India, a handicapped giant

Faced with China’s emerging hegemony in Asia, India is defending its power status. New Delhi’s strategy is to invest in defense, align its policies with the United States and expand its regional alliances. However, India is increasingly concerned about containment by China.

A map explaining why India is wary of China’s Belt and Road Initiative and its mari-time component
China’s economic influence on Pakistan is significant. It also has been growing in Myanmar, Sri Lanka and the Maldives. The previous government of the tiny islands was pro-China, the newly elected one is close to India. © macpixxel for GIS

United States Secretary of State Mike Pompeo and Defense Secretary Mark Esper visited Delhi at the end of October. Washington and New Delhi are in the process of aligning their trade and geostrategic policies. This year, the U.S. has become India’s largest trading partner.

As the world’s largest democracy and the second-most populated country, India plays a substantial role in Asia.

In the 18th and 19th centuries, the Indian subcontinent was gradually swallowed  by the British Empire, which comprised today’s India, Pakistan, Bangladesh, Myanmar and Sri Lanka. The patchwork of territories was ruled either directly by Britain or by traditional monarchs. However, the “dependent territories” had only limited sovereignty and rulers reported to the British viceroy in New Delhi.

Difficult legacy

India became an independent state in 1948. Pakistan, Myanmar and Sri Lanka each gained independence separately. The British, together with the Indian leader Jawaharlal Nehru (prime minister in 1947-1964), arranged for the cancellation of the traditional monarchies and resettled millions of Muslims and Hindus into Pakistan (including modern-day Bangladesh) and India. The aim was to concentrate Hindus in India and Muslims in Pakistan. Kashmir, despite its Muslim majority, remained part of India, even though Pakistan occupied its western part. The resettlement, a massive social engineering program, was widely resented and gave rise to countless conflicts and wars that have marred the two countries’ relations.

Today, India has a population of about 1.35 billion people. Some 80 percent of it is Hindu, but Muslims still account for around 15 percent of the total. India is therefore the third-largest Muslim country in the world, after Indonesia and Pakistan. Since China’s population is declining, India is poised to become the most populous country on earth before long. 

Internally, Indian Prime Minister Narendra Modi (in office since 2014) has been firmly conducting a Hindu nationalist policy, which is very preoccupying for the 180 million Muslims in the country. When he was the governor of Gujarat (an Indian state bordering the Arab Sea and Pakistan, with about 60 million inhabitants, of whom every tenth is a Muslim), Mr. Modi tolerated an anti-Muslim pogrom.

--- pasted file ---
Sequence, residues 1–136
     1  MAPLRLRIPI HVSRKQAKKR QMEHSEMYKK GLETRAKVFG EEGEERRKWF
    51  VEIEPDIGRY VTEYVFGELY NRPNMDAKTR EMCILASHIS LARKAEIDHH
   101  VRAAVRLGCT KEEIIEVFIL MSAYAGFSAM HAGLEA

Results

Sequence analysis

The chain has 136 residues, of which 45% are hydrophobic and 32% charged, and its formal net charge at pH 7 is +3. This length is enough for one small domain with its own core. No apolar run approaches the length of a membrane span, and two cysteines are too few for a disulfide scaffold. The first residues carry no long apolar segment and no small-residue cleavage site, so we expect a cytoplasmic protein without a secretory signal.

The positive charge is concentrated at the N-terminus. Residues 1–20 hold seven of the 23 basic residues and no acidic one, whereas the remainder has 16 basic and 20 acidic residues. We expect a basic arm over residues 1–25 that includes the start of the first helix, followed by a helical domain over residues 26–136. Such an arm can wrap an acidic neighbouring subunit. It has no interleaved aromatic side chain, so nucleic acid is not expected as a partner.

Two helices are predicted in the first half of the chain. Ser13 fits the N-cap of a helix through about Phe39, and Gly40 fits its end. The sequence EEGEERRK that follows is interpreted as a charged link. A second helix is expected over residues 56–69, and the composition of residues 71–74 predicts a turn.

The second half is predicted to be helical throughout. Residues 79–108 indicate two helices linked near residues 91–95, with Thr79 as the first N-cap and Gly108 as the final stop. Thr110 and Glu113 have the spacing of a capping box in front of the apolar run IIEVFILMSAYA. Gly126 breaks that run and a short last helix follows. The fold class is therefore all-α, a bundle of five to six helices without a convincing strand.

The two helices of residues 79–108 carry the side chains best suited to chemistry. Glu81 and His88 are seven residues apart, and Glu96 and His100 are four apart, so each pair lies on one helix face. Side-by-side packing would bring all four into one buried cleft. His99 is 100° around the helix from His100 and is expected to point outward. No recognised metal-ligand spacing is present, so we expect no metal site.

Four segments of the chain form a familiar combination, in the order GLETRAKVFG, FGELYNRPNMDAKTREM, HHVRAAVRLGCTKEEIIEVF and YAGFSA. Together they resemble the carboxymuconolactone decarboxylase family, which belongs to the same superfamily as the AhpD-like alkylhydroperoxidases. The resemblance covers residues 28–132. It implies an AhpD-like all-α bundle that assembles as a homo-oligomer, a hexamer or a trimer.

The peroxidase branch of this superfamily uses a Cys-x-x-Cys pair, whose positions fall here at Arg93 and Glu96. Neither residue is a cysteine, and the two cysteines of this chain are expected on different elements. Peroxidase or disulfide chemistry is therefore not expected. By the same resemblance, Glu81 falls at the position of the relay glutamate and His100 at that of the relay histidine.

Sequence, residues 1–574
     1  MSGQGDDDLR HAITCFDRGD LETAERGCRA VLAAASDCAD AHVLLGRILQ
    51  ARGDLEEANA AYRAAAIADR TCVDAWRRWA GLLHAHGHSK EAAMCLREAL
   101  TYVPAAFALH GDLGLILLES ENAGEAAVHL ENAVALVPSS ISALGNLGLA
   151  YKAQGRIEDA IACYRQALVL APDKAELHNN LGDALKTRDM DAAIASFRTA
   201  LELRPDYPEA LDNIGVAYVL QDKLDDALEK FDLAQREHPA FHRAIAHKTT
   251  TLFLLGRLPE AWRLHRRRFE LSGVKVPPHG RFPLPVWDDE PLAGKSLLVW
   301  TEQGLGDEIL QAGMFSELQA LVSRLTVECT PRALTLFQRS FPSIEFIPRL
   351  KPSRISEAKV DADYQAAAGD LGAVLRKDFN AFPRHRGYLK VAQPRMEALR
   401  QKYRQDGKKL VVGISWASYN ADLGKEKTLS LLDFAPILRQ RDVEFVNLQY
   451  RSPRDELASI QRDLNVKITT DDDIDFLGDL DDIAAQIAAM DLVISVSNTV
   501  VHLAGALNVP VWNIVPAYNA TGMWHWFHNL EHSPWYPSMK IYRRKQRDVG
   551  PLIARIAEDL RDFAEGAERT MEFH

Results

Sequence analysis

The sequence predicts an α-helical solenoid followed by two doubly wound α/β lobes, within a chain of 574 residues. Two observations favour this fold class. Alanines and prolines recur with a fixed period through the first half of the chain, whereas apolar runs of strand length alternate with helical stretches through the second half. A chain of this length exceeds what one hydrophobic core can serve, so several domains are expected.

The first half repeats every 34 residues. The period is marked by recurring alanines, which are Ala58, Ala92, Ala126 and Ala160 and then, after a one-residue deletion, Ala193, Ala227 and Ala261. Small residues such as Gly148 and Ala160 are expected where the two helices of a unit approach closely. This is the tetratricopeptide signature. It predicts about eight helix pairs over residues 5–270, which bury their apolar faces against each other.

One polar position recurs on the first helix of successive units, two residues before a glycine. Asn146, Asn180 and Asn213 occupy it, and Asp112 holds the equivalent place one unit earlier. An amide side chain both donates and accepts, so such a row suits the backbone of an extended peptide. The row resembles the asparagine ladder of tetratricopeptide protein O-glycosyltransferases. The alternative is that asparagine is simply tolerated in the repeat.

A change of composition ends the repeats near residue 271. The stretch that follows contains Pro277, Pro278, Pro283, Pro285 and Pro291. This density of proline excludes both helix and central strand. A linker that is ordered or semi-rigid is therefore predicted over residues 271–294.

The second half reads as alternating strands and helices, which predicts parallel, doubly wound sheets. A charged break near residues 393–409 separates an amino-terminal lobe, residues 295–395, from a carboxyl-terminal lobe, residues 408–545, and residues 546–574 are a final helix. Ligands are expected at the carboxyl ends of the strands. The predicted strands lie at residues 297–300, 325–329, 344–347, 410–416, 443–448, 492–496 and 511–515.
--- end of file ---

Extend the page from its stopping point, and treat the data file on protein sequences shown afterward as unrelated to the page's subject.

Over the last 20 years, the Beijing-Islamabad relationship has improved.

Prime Minister Modi’s relentless economic reforms did little to alleviate the burden of bureaucracy on India’s economy and business. His attempt to enforce more transparency on transactions by restricting cash in circulation created a calamitous liquidity squeeze for the poor, small business owners and farmers, with negative consequences for the entire economy.

New Delhi also has a frozen conflict with Pakistan –  a nuclear power like India and China. Tensions lead to regular skirmishes along the two countries’ borders. As discrimination of Islam in India is on the rise, local clashes with the Pakistani forces may become more frequent. 

Over the last 20 years, the Beijing-Islamabad relationship has improved. Meanwhile, India is clashing with China on the disputed Himalayan border and has reasons to worry about the increased Chinese  presence on the Tibetan plateau. Western China can now access the Indian Ocean across Pakistan through railways and a trans-Himalayan highway. 

India is also highly concerned about Beijing’s overland and maritime Belt and Road transport infrastructure. China’s  economic influence on Myanmar, Sri Lanka and the tiny Maldives is growing. So is its naval presence in the Indian Ocean and near East Africa’s shores. India fears its role in Asia is contained, even though New Delhi does not express this publicly. The so-called Quad, a naval alliance between Japan, the U.S., Australia, and India, is gaining in importance.

Throughout 2020, several incidents between the Indian and Chinese troops unfolded in the Ladakh highlands of the Himalayas. There were casualties on both sides.

Washington shares India’s concerns over China. On his October trip, Secretary Pompeo visited a number of current and potential allies in the region, apparently in preparation for worsening tension with the Middle Kingdom. The secretary of state even made a stop in the tiny Maldives.

Taiwan is another hotspot in Asia. There are justified concerns that China might try to take over the small Taiwanese island of Kinmen, just a few kilometers off mainland China’s coast, as the first step in an assault on Taiwan’s independence. 

All these complications and threats notwithstanding, the Modi government is ambitious. It wants to establish India as a dominant regional power and is making considerable investments in defense. Enlarging the domestic defense industry is a priority. Also, Mr. Modi envisions India as a Hindu nation. This policy results in heightened tensions with Pakistan and Bangladesh, as well as with India’s own Muslim minority. 

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